The LoL Worlds is always the most popular esports event of the year, but the massive Chinese audience pushed it to new heights in 2018. It had far more viewers than big sporting events like the Super Bowl, the tennis Grand Slams, the NBA Finals and the golfing majors. It showed just how big esports has become, and how immense its potential is.
Intel Signs $100 million Deal, 2018
A number of blue chip companies are piling into the esports scene, from MasterCard to Coca-Cola, but Intel has been its biggest supporter for a number of years. The Intel Extreme Masters was launched all the way back in 2006 and it remains the longest running tournament in the world of competitive gaming.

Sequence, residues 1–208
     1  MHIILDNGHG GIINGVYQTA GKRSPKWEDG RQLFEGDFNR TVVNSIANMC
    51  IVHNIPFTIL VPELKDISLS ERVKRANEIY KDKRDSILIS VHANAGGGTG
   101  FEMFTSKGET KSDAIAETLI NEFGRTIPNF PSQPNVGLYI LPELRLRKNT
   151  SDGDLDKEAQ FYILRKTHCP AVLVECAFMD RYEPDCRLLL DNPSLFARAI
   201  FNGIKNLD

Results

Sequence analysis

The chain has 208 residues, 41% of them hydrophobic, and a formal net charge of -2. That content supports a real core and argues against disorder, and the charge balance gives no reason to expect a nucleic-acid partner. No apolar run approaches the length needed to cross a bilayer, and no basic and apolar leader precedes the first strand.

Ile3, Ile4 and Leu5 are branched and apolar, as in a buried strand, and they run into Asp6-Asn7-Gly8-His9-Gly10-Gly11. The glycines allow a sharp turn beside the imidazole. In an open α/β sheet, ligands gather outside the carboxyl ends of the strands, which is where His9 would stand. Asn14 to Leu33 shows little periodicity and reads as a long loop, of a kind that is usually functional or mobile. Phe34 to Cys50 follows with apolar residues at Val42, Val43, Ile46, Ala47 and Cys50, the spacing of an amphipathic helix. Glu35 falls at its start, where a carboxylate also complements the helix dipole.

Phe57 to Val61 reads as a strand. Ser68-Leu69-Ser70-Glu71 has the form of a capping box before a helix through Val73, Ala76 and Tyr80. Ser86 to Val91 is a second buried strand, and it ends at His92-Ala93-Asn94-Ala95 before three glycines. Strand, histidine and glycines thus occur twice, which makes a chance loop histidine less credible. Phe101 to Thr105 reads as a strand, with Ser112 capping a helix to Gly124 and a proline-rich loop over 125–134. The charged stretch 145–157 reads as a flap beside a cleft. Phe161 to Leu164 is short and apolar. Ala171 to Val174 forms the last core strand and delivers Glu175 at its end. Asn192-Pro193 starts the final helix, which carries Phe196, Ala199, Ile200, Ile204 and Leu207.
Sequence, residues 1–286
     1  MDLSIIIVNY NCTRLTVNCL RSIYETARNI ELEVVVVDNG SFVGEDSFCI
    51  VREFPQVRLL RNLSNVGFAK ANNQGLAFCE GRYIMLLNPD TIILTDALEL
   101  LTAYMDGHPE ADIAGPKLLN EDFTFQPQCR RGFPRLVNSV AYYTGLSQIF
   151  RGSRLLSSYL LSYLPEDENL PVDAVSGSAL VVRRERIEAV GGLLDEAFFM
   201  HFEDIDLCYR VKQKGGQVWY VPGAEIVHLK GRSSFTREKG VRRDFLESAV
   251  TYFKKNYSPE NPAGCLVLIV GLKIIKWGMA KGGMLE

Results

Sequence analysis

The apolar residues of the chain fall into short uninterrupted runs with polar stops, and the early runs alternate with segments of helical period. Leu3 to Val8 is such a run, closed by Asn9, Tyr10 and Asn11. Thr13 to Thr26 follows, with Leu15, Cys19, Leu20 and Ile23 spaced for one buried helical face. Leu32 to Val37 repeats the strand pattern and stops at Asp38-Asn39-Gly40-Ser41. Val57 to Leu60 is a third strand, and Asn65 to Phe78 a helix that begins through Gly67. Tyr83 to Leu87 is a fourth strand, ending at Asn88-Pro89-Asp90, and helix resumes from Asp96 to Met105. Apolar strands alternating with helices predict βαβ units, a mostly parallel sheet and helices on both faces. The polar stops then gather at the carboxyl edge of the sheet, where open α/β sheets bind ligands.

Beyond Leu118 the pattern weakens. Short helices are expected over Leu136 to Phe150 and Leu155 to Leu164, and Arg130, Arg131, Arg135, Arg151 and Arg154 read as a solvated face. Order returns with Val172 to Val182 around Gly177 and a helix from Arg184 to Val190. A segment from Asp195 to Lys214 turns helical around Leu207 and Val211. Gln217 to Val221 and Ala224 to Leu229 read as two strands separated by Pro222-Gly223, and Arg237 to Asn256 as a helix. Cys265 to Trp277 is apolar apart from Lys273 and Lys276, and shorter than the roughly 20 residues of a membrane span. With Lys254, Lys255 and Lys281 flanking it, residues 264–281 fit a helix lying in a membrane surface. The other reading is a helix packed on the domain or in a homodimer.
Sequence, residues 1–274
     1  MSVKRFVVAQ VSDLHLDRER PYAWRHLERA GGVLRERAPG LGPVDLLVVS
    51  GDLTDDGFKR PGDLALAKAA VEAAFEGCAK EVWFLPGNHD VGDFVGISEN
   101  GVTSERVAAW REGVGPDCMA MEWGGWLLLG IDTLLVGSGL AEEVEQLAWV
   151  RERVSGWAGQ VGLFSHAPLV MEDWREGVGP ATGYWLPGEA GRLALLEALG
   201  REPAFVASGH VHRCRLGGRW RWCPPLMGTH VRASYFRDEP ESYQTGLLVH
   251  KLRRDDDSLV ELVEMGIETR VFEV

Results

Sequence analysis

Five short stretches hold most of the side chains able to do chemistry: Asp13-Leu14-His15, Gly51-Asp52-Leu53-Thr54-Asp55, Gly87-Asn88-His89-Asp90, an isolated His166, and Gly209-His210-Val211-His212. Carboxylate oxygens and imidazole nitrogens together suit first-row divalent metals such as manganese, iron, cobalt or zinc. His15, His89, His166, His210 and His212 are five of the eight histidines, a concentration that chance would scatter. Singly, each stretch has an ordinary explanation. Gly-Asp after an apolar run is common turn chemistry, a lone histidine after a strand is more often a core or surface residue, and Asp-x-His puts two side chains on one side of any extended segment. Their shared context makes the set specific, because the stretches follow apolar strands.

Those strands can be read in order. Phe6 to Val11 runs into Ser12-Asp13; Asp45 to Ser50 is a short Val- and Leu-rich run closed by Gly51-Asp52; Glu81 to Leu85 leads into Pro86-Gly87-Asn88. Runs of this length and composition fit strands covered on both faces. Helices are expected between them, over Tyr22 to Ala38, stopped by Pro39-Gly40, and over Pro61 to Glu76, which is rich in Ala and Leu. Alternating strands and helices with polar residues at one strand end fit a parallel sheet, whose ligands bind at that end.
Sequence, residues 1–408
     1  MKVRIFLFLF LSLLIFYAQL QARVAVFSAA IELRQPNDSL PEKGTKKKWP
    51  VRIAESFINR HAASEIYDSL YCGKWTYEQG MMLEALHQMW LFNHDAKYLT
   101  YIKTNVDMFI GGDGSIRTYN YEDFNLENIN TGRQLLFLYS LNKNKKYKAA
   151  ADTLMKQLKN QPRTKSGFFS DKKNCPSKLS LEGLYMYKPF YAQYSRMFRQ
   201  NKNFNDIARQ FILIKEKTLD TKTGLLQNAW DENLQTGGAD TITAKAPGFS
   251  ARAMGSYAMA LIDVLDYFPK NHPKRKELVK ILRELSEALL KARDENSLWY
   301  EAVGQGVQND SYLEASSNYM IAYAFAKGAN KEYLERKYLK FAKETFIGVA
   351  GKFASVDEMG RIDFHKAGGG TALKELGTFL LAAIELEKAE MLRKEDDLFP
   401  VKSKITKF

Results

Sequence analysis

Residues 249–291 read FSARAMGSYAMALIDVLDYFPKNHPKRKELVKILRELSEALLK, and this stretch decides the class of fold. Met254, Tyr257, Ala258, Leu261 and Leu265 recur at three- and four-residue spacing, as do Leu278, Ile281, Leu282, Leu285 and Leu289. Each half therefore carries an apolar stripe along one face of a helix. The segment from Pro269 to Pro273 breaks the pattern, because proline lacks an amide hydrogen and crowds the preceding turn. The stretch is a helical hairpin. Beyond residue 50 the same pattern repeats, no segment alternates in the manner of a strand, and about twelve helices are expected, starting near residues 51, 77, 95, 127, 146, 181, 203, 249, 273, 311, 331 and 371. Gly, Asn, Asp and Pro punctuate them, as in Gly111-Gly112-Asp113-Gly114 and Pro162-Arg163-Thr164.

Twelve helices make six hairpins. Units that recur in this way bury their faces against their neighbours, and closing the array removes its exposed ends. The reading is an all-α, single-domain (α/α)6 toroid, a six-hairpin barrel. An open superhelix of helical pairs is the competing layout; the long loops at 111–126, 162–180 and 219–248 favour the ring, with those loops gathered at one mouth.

In December 2018, Intel signed a $100 million deal to extend its sponsorship of Electronic Sports League to 2021. That is a crucial for the overall professionalism of the esports scene, as the cash is reinvested in infrastructure and prize money. It ensures that big events are well organised and that teams are able to pay players handsome salaries, and it also sets a high bar for other companies that want to get into the esports space.
Fortnite World Cup, 2019
The proliferation of esports has allowed games like LoL, Dota 2 and CS:GO to enjoy unprecedented longevity in an otherwise fickle gaming industry. Fortnite developer Epic Games realised this, so it decided to pump $100 million into prize money for Fortnite tournaments in 2019.
It culminated at the Fortnite World Cup in New York City and the event proved to be a tremendous success. A 16-year-old by the name of Bugha walked off with the $3 million first prize and newspapers around the world went nuts for the story. You can now expect to see billions of teenagers spending eight hours per day playing Fortnite in a bid to follow in his footsteps.